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Sensors 2010, 10(9), 8092-8100; doi:10.3390/s100908092

Communication
Real-Time Particle Mass Spectrometry Based on Resonant Micro Strings
Silvan Schmid *, Søren Dohn and Anja Boisen
Department of Micro- and Nanotechnology, Technical University of Denmark, DTU Nanotech, Building 345 East, DK-2800 Kongens Lyngby, Denmark; E-Mails: soren.dohn@nanotech.dtu.dk (S.D.); anja.boisen@nanotech.dtu.dk (A.B.)
*
Author to whom correspondence should be addressed; E-Mail: silvan.schmid@nanotech.dtu.dk; Tel: +45-452-557-32, Fax: +45-458-877-62.
Received: 10 July 2010; in revised form: 30 July 2010 / Accepted: 15 August 2010 /
Published: 27 August 2010

Abstract

: Micro- and nanomechanical resonators are widely being used as mass sensors due to their unprecedented mass sensitivity. We present a simple closed-form expression which allows a fast and quantitative calculation of the position and mass of individual particles placed on a micro or nano string by measuring the resonant frequency shifts of the first two bending modes. The method has been tested by detecting the mass spectrum of micro particles placed on a micro string. This method enables real-time mass spectrometry necessary for applications such as personal monitoring devices for the assessment of the exposure dose of airborne nanoparticles.
Keywords:
mass spectrometry; MEMS; NEMS; nanoparticles; string resonator; micro beads; aerosol; particle sensor

1. Introduction

In 1995 the use of resonant micrometer scaled cantilevers as mass sensors was proposed [1,2]. Since then, cantilever based mass sensors have been shown to have the sensitivity to measure the mass of single cells and large molecules [35]. The exceptional mass sensitivity of micro and nanomechanical resonators makes them interesting for applications such as for the detection of airborne nanoparticles. The use of nanoparticles in commercial applications has increased and personal monitoring devices for the assessment of nanoparticle exposure doses are demanded due to the still unknown toxic effects [6]. Recently, nanobeam based sensors have been used as mass spectrometers detecting single bio molecules [7]. By measuring resonant frequency shifts of the first resonant mode caused by the impact of individual molecules Naik et al. could calculate the mass of the molecules by building histograms of event probability versus frequency-shift amplitude. This technique demands a complex post-measurement histogram-based analysis which hinders its implementation in a real-time and portable nanoparticles monitor.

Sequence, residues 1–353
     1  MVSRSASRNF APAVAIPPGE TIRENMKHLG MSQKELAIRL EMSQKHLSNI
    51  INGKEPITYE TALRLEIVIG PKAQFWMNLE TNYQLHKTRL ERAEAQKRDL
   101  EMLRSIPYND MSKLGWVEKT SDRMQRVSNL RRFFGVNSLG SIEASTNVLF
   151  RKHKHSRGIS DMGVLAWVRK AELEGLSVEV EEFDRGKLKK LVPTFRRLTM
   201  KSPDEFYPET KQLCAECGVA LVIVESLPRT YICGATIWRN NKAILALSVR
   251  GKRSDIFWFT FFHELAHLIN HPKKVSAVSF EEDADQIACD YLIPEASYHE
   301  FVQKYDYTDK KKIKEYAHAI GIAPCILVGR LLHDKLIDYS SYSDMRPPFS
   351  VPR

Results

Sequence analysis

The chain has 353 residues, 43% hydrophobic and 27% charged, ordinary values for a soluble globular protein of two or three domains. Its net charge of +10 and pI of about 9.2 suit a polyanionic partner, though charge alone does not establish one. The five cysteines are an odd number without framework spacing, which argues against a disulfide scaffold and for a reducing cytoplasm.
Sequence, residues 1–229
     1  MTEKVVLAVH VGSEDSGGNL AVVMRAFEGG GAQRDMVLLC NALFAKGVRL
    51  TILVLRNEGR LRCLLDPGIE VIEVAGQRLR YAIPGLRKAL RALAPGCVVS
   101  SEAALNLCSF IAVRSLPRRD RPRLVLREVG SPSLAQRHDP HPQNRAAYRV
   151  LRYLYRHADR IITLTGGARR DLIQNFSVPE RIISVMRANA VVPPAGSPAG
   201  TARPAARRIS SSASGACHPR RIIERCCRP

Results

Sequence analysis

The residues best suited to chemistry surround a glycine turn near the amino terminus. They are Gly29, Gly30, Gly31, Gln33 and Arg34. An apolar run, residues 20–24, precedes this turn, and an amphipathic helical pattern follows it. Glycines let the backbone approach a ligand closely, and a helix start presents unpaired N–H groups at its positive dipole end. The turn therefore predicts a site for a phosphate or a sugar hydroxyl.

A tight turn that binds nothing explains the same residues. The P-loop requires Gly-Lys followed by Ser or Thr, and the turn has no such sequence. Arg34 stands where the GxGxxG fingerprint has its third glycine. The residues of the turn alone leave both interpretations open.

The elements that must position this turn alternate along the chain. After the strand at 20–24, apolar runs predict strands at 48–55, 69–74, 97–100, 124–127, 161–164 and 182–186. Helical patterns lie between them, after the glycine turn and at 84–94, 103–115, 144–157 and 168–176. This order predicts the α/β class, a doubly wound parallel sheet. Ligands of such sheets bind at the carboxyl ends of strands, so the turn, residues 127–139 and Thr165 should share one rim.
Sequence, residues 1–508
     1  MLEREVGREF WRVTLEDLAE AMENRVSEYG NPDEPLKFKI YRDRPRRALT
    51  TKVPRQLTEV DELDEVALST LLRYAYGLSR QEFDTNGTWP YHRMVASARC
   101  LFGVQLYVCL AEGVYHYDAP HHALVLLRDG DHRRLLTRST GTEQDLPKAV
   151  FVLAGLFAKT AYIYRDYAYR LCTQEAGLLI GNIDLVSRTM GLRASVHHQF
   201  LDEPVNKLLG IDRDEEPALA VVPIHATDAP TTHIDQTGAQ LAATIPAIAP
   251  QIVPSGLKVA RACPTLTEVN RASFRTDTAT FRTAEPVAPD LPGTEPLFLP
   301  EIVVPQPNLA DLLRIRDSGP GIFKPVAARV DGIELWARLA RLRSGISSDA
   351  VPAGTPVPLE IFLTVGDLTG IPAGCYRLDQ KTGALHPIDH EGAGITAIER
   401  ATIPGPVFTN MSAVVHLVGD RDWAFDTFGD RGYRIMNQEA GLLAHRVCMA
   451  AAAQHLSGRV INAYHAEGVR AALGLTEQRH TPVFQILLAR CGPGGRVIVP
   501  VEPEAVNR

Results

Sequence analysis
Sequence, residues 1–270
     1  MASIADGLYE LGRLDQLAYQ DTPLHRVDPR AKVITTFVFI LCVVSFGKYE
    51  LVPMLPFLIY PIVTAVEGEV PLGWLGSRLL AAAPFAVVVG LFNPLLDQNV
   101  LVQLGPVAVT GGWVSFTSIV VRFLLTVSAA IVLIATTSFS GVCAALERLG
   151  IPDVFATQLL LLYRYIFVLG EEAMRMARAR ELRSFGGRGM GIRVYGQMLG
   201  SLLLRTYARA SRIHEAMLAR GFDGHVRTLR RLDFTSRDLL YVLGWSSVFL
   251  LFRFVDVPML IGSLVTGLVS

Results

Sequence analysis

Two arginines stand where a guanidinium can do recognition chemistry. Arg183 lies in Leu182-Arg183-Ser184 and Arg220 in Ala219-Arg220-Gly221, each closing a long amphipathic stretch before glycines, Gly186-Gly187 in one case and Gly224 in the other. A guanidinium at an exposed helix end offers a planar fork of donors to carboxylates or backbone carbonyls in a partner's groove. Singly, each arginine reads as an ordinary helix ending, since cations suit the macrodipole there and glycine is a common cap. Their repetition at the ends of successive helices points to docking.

In this work, we present a method which allows the sensing of the position and mass of individual particles every time a mass adsorption event occurs. With this technique, the mass of single particles can be determined in air and vacuum in real-time without the need of a post-measurement analysis, enabling mass spectrometry of particles with distributed masses. By measuring the resonant frequency shifts of the first two bending modes, the position and mass of a particle attached to a micro cantilever can be calculated, as we reported in an earlier work [8]. With resonant cantilevers, the position and mass calculation requires the relatively complex and time consuming computation of the minima of a specific functional which complicates an implementation in a easy to use real-time mass spectrometer. This problem can be solved by using strings rather than cantilevers. Strings are mechanically more stable, which in particular results in a higher fabrication yield compared to cantilevers, and intrinsic energy loss mechanisms are very small [9]. That is, they can have quality factors of over a million in vacuum [10]. The main reason for choosing strings is their simple bending mode shape function compared to cantilever beams. This allows the derivation of a closed form solution for the particle mass and position.